The designs of César Manrique have not just transformed the island; they have also been key in marketing it, with a series of logos that continue to define the island’s tourist image.
The most famous Manrique logo is, without doubt, the “black sun” image that greets every arrival to the airport and continues to be used to market the island internationally. It’s a timeless design that was commissioned by the Cabildo in 1992, and cannot be used without their permission.
The logo is clearly influenced by the one that the Catalan artist Joan Miró created for Spain’s tourist board nine years earlier, using the same red, black and yellow colour scheme that reflects the flag of Spain. However, Manrique’s logo adds vivid red rays radiating from a volcanic black circle, and a crescent moon is also clearly visible.
The nature-loving Manrique also could not resist adding a splash of green to the logo – the island’s name appears entirely in the colour.
Miró’s logo was hugely successful and led to several other countries adopting new logos for their tourist boards. But Spain and Lanzarote have remained faithful to these iconic images, whose power is demonstrated by the fact that they are still used by the tourist boards, and have not been changed or updated for decades.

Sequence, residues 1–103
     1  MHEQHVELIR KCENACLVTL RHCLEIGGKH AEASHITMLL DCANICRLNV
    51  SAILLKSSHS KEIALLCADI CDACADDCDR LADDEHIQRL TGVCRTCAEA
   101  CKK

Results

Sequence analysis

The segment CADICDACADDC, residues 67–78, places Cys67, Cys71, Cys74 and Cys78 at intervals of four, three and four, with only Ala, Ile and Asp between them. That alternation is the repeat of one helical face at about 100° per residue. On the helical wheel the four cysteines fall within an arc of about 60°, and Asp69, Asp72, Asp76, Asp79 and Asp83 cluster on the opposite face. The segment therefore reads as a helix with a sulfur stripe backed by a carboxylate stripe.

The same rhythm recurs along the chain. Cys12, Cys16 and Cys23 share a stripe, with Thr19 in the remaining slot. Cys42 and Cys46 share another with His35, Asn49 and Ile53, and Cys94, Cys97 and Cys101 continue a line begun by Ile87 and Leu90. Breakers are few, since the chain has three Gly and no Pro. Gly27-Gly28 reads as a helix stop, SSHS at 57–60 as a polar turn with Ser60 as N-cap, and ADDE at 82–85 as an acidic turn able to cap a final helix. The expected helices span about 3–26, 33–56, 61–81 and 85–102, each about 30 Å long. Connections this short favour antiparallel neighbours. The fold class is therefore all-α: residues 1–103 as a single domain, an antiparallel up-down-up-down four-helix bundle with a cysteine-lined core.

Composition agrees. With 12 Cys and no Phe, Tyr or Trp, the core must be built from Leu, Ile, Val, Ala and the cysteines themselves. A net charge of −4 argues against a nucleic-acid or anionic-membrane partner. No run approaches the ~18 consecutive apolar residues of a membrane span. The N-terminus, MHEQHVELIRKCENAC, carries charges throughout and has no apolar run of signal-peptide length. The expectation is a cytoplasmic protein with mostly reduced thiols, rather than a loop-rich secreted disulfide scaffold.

Another famous logo of Manrique’s is the monograph that became the logo of his foundation at Tahiche. Consisting of the artist’s initials in red and black, with clear echoes of the island’s volcanoes and sun, it’s a simple, devastatingly effective design.
Manrique also created images for each of the island’s seven cultural and artistic centres (CACTs), the most famous of which is probably the Devil of Timanfaya. This was created as a joke by Manrique about the volcanic heartland of the island’s resemblance to a fiery hellscape, but it has taken on a life of its own and has even resulted in a false “legend” being invented and widely spread about a mysterious devil that appeared during the eruptions in the 18th century.
Then there is the crab of Jameos del Agua, referring to the unique animals that live in the tunnel; and the fish that guides the way to the Mirador del Río. The CACT department itself is also defined an elegant Manrique logo.
In Arrecife, the César Manrique secondary school and the adult-training centre both bear Manrique-designed logos, and the artist was not at all adverse to lending his talents to business, either. Every bottle of wine from the El Grifo bodega bears the griffin logo he created for his friends at the winery; while the Canary Island Car (CICAR) hire car company continues to use a dynamic Manrique-signed logo.
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